Hairy Heroes

by Stevie Sigan

The dogs go everywhere. They ride the trains, attend games, go to concerts, sit at school, shop at the mall and dine in the areas finest restaurants.

All of these trips are a must for service dogs in training, explains Donna Kosner, one of three founding members of Paws Giving Independence (PGI), a nonprofit organization in Peoria that trains rescued dogs to become service dogs to assist individuals with disabilities. A completely volunteer-run operation, PGI was incorporated in 2008, fueled by two passions: a pure love for dogs and a desire to help others. The founders—Donna; her daughter, Michelle; and friend, Brandi Arnold—all have full-time jobs, but in spite of their busy schedules, the group has now paired over 50 specially-trained dogs with local individuals in need.

The group’s motto, “Saving a life to change a life,” is evident in every PGI dog—mixed breeds adopted from PAWS, TAPS and other local shelters. The majority of the mutts are Lab or German Shepherd mixes between 10 and 12 months old, and they require about a year to be trained, setting the stage for their placement with individuals suffering a wide range of disabilities, from mobility issues and Parkinson's disease to autism and partial sight or hearing loss.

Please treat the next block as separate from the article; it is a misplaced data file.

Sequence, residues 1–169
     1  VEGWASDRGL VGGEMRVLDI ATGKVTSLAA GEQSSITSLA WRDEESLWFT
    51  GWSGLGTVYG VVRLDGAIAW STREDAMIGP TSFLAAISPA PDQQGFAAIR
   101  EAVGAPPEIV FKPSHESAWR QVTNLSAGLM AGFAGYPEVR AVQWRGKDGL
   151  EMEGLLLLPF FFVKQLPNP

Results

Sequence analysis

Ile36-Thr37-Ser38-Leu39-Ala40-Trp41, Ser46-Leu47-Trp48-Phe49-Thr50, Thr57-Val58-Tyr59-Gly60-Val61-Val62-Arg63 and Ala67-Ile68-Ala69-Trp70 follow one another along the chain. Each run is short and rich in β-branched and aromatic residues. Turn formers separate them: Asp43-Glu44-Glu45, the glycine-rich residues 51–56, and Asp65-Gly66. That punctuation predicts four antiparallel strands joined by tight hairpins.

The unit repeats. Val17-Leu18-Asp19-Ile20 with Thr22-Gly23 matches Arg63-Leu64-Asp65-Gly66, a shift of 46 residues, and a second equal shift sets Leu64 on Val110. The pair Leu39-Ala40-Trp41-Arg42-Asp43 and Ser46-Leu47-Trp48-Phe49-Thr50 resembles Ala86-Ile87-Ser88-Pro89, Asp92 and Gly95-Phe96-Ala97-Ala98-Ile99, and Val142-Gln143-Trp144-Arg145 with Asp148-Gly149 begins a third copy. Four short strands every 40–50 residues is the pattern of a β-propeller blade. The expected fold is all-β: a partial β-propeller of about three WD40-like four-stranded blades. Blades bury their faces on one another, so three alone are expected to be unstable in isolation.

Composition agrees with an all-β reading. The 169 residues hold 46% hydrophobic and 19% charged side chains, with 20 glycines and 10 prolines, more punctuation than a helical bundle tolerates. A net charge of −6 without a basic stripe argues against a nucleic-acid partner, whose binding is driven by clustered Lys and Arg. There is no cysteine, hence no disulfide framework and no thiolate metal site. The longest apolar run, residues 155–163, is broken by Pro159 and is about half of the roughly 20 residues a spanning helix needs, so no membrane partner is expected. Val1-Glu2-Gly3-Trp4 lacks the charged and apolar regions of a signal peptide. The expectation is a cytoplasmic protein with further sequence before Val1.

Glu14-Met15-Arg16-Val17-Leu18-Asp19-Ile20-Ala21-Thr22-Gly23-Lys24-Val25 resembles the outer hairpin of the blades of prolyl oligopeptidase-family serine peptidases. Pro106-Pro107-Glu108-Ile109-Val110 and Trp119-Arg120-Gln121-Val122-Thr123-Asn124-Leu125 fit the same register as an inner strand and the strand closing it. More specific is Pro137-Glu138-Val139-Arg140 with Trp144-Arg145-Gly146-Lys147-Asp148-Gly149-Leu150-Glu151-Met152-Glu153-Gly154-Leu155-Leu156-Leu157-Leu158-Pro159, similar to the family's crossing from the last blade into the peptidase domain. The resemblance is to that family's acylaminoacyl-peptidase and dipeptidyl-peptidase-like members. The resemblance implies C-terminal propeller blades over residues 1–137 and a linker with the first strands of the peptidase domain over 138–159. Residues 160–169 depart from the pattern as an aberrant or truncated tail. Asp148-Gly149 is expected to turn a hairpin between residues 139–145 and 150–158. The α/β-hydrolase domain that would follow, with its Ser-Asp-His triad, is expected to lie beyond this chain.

But the dogs are about more than just opening doors and bracing for potential falls. For one 22-year-old confined to a wheelchair with spinal paraplegia, a trained PGI service dog eased her social anxiety. The wheelchair was always what people used to see first, Donna recalls. “Now, they come up and ask about her dog… It’s that social aspect that our clients really like.”

Likewise, where autism often strips kids of words, trained dogs can bridge the gap, encouraging autistic children to communicate through hand commands. The dogs, trained to recognize outbursts, are a steady, calming presence for children struggling with sensory overload. Similarly, PGI has placed dogs with veterans suffering post-traumatic-stress disorder.

“There’s something about that security—that there’s something out there, this dog that they count on—that’s really good for them,” she explains. a&s

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